Singapore ministerial shows NZ likely to pay price for TPPA
20 May 2014
Singapore ministerial shows NZ likely to pay a high price for an empty TPPA deal
‘At the end of a two-day ministerial meeting on the Trans-Pacific Partnership Agreement (TPPA) in Singapore it seems clearer than ever that New Zealand stands to get almost nothing if they do reach a deal, and we will pay a very high price in return’, according to Professor Jane Kelsey, who has been observing the meeting.
Today’s statement from the TPPA ministers had the familiar recycled rhetoric of “meaningful progress”, “narrowing remaining differences”, and “building momentum”.
‘There are signs of a possible breakthrough on the sticking point of agriculture. But that would fall far below Trade Minister Groser’s “gold standard” of comprehensive liberalisation for agriculture’, Kelsey said.
Back in 2010, Wikileaks reported the warning from former chief negotiator Mark Sinclair that New Zealand needed to ‘manage expectations’ of an ‘El Dorado’ from the TPPA. Trade Minister Groser did the opposite, insisting that New Zealand required nothing less than comprehensive liberalisation - the rhetoric that APEC leaders used in November 2011.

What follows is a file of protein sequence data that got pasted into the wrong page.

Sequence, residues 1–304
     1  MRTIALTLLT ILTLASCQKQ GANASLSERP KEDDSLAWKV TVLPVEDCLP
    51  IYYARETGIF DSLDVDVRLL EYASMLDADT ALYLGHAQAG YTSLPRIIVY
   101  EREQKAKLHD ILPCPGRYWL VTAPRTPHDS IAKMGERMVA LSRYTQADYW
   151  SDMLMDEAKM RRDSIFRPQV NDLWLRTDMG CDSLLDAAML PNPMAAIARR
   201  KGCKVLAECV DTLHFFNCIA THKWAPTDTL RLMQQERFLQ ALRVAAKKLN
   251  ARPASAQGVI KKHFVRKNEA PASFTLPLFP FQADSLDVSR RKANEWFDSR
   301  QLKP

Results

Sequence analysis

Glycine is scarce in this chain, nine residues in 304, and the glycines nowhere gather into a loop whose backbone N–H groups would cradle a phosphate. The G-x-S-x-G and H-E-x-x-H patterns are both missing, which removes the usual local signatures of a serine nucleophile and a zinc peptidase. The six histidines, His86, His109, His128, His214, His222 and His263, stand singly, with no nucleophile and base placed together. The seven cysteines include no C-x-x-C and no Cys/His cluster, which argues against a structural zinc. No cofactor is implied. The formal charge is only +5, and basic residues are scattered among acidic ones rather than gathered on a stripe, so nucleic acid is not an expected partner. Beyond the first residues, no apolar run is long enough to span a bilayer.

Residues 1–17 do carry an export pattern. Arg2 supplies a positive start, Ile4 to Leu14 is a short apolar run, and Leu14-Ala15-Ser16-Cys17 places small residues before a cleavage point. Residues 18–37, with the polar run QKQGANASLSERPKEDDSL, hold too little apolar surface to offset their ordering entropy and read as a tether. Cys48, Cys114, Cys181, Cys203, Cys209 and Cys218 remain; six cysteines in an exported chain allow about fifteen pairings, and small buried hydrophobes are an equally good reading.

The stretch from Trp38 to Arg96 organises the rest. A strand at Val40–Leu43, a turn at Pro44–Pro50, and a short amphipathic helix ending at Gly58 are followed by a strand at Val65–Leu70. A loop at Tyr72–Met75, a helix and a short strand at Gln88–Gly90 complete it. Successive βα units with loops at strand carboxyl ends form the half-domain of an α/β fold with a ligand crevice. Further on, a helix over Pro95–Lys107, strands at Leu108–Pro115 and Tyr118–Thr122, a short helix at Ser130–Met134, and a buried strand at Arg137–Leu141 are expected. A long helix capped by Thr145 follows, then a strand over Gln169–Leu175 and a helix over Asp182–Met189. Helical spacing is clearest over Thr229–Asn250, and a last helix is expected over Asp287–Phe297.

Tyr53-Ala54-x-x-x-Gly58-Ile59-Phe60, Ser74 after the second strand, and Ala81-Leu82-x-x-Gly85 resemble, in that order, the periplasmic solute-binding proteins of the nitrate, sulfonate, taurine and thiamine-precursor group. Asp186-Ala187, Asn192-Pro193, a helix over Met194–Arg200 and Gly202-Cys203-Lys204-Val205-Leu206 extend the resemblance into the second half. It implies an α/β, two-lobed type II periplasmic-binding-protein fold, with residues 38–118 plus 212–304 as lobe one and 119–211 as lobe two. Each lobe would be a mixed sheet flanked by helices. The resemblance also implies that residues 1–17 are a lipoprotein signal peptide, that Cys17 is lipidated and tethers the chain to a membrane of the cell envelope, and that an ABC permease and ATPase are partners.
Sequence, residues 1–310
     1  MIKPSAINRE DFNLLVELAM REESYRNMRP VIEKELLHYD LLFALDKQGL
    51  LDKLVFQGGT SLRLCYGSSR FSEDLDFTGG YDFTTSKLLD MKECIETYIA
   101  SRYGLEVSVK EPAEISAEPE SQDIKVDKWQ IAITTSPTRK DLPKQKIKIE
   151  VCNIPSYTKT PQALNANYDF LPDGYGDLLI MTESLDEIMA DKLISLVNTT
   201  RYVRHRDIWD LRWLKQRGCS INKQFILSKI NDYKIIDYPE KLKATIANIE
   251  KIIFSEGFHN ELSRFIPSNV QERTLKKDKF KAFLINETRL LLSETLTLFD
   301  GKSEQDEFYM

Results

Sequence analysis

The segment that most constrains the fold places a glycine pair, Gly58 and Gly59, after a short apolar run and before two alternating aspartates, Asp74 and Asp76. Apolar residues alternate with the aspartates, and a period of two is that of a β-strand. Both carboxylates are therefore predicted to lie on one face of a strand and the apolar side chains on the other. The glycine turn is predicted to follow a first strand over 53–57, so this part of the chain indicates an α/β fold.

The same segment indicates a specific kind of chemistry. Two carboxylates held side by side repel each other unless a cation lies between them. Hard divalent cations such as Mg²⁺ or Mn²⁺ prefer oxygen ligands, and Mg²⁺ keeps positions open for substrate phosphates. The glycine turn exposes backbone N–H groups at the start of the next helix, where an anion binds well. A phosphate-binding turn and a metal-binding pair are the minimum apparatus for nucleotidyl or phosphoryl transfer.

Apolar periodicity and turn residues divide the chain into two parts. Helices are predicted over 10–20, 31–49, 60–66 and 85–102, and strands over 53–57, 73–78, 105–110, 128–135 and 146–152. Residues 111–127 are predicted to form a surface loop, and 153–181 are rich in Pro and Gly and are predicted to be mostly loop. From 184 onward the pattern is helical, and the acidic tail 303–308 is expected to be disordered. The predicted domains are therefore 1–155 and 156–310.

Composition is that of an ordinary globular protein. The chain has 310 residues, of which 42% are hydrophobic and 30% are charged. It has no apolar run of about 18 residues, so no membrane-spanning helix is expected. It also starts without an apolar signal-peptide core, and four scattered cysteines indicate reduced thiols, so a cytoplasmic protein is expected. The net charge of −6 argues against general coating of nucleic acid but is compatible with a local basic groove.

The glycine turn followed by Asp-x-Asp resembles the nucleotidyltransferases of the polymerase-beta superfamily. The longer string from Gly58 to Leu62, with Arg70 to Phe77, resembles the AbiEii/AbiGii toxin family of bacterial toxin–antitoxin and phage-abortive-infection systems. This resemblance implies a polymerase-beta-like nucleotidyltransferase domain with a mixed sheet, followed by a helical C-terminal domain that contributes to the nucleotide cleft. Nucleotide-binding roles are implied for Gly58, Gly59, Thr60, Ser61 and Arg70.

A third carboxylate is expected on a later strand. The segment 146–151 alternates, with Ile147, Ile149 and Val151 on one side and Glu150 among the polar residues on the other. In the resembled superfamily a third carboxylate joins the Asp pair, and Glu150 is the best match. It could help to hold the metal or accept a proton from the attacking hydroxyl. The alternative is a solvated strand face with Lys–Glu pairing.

‘Those chickens have come home to roost and Tim Groser has begun to shift the ground’, Kelsey observed.
According to Inside US Trade the Minister said New Zealand might accept alternatives to full tariff elimination if countries could show another way to achieve a ‘very high quality result’. Until then New Zealand would stick to its position, which means making no formal concessions on areas like medicine patents, copyright, or state-owned enterprises. It is unclear what kind of concessions Groser has in mind.
‘Holding to that line will be untenable if they are to close the TPPA deal. New Zealand is a minion with nothing to trade off; why would the big players give us anything?’, Kelsey asked.
During today’s press conference, some ministers hailed a new pragmatism and flexibility that would help clear the way forward.
‘Pragmatism is code for accepting that some countries with particular sensitivities cannot be pushed beyond their political comfort zone’, Kelsey said. ‘For New Zealand, that almost certainly means no significant new market access for dairy to Japan, the US or Canada.’
Professor Kelsey says that prospect has been on the cards for some time, based on what is known of the negotiations between Australia and Japan, and then US and Japan. Dairy appears to have achieved least concessions of any product from Japan, except for sugar.
‘In return for what looks like an empty deal, New Zealand will still be expected to make major concessions on the rules for Pharmac, Internet freedom, regulating foreign investment and much more’.
The TPPA ministers announced a ‘pathway for intensified engagement’ in market access and rules, such as intellectual property and state-owned enterprises, includes another ‘chief negotiators’ meeting in early July. By not calling it ‘a round’ they can avoid the need for any formal stakeholder presence.
‘The question now is where the New Zealand government will draw its new red line, and what price it will make the country pay for a deal that delivers few, if any, tangible returns’.